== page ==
I’ve lost track of exactly how long I’ve been writing this column. The first edition of my book Uncovering Your Ancestry Through Family Photographs was published in 2000, and I started this column in February of the following year.
That means you’ve been reading about identifying family photographs for nine years. That’s a lot of pictures!
Anyone can submit photos to be featured in this space or in my Photo Detective column in Family Tree Magazine. Under the Navigation heading at the left is a link to How to Submit Your Photo.
While I look at and file each of the e-mails I receive from readers, you can increase the odds that you’ll win this picture lottery by doing the following:
- Use Family Tree Magazine in the subject line of your email.
- Send me a question about the image, as well as anything at all you know or don’t know about it.
- Your contact information—name, address and telephone number. While I’m not apt to call overseas, if you live in the United States or Canada, don’t be surprised to hear me on the other end of the telephone. I like to talk with folks about their pictures. It’s amazing how much more can be learned through a conversation rather than an email. Obviously, I love having unlimited long-distance calling! <smile>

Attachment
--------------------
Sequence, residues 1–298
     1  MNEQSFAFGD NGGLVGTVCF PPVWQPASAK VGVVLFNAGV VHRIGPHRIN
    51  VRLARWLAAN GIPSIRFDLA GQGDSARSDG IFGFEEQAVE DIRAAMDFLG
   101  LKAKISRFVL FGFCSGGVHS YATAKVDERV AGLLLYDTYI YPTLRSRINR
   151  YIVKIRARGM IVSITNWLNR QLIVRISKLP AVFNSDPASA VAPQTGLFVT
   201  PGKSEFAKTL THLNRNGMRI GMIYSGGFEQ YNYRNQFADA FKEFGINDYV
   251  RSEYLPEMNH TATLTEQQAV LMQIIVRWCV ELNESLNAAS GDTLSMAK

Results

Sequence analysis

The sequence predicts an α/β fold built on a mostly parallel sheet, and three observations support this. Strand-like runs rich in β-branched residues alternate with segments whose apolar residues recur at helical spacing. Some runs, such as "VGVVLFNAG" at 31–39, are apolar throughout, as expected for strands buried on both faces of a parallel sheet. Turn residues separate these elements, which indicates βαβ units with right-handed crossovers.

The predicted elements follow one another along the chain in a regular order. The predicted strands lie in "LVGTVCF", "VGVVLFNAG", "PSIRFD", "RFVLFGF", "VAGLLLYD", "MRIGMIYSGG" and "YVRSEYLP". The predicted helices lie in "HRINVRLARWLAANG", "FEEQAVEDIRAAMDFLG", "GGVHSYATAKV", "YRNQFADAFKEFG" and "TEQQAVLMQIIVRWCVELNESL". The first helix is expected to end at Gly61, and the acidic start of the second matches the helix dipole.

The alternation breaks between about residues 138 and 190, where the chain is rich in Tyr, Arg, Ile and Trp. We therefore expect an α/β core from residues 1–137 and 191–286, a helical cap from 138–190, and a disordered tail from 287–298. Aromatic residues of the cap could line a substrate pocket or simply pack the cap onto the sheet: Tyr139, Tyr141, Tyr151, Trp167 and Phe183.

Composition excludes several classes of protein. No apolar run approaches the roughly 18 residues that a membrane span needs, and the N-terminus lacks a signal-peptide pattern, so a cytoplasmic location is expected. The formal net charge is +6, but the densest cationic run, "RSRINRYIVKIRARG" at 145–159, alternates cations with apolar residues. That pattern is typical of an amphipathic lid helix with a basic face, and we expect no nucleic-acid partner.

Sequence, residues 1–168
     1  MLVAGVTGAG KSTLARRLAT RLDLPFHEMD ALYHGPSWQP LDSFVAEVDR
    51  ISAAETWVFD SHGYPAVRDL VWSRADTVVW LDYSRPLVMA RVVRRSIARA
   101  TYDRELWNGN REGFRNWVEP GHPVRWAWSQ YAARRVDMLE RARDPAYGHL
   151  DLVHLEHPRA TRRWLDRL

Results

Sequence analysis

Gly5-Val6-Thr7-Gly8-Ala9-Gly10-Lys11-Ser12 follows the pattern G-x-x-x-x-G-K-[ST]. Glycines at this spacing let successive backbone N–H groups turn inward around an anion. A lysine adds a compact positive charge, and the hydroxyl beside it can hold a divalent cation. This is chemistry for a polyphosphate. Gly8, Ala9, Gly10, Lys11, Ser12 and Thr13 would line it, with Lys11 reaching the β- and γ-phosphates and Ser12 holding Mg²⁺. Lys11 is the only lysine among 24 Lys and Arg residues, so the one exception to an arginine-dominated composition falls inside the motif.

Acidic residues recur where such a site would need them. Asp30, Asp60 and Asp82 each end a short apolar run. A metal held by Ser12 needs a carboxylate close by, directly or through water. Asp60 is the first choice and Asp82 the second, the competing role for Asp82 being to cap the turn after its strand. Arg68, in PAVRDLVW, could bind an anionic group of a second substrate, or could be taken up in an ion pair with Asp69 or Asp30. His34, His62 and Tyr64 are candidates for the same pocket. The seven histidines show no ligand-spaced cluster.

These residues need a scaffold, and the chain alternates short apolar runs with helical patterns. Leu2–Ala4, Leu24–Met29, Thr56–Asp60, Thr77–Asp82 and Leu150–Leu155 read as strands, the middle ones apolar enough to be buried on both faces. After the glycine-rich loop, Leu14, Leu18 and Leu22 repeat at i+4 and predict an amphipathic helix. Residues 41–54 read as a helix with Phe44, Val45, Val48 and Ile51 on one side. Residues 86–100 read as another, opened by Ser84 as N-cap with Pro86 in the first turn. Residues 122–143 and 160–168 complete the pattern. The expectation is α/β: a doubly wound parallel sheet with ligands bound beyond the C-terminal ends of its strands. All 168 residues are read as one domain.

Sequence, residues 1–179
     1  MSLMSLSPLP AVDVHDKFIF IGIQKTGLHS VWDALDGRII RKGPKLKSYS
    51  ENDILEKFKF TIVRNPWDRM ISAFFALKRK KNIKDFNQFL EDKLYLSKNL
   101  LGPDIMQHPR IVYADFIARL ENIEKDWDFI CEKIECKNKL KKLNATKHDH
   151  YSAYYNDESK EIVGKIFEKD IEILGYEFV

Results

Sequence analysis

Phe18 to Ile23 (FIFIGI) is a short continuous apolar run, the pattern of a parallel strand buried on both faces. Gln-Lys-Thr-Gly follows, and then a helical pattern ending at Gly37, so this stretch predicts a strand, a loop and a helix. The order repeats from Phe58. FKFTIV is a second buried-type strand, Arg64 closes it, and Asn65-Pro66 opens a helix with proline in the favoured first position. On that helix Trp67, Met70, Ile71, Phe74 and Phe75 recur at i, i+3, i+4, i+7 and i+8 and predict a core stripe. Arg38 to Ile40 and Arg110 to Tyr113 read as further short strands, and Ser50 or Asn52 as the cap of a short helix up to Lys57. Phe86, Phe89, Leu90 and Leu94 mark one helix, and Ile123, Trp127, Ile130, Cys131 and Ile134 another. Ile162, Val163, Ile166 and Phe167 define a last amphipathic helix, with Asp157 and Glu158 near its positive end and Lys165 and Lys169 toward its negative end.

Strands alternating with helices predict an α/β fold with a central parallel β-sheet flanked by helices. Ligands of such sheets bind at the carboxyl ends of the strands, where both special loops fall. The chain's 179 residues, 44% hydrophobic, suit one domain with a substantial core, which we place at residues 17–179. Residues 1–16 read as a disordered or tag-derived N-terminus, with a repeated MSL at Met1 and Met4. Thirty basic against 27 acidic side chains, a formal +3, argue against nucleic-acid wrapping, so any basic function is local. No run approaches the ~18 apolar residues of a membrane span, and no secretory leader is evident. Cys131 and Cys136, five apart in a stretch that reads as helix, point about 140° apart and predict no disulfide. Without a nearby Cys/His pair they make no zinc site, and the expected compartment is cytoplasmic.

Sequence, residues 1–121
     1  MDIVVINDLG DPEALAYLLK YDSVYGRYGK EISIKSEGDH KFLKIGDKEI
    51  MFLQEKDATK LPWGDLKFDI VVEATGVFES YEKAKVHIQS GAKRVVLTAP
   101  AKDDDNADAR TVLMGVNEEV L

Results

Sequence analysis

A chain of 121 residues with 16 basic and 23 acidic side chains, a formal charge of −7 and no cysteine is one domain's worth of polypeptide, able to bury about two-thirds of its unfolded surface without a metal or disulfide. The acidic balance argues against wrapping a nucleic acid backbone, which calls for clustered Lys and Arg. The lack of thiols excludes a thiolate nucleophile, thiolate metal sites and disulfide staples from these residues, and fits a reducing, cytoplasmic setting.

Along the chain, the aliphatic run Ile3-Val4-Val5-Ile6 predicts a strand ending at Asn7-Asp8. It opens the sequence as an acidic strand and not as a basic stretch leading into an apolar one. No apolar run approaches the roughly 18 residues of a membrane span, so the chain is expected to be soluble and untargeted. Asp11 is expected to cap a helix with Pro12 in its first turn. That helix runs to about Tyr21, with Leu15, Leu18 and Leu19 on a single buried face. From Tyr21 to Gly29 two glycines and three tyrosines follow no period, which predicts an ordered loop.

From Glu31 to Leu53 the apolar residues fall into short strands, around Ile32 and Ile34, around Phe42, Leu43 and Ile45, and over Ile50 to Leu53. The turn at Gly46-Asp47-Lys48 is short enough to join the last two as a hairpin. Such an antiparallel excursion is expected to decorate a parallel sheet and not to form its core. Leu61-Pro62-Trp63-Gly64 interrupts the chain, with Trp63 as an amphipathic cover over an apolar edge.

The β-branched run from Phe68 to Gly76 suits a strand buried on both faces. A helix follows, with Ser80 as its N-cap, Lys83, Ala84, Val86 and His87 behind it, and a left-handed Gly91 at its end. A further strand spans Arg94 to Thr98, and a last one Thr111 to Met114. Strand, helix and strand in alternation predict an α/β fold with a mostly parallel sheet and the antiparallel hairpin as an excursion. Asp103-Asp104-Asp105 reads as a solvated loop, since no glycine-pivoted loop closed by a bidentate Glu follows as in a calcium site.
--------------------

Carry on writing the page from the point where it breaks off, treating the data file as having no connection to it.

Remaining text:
- In order to really see the details in your pictures, I need them submitted in at least 300 dpi. If you send them smaller, all I can see when I enlarge a detail is a blur of pixels.
This isn’t too bad, but if I were to enlarge it any further it wouldn’t be usable.
- Don’t forget to send me a scan of the back of the photo if it has any information or a photographer’s name and address.
If you’d like to submit a picture but you don’t have a scanner, it is possible to send a copy of an image via regular mail. You can make a copy using one of those retail photo kiosks. The mailing instructions are in the link on the left.
One more thing—my e-mail archive goes back several years, so keep checking your e-mail. If you change e-mail addresses or telephone numbers, please resend your image with the new contact information. A lot of the e-mail inquires I respond to for additional data never get answered by the photo’s submitter.
I love working on your photo mysteries!! Keep the emails coming in.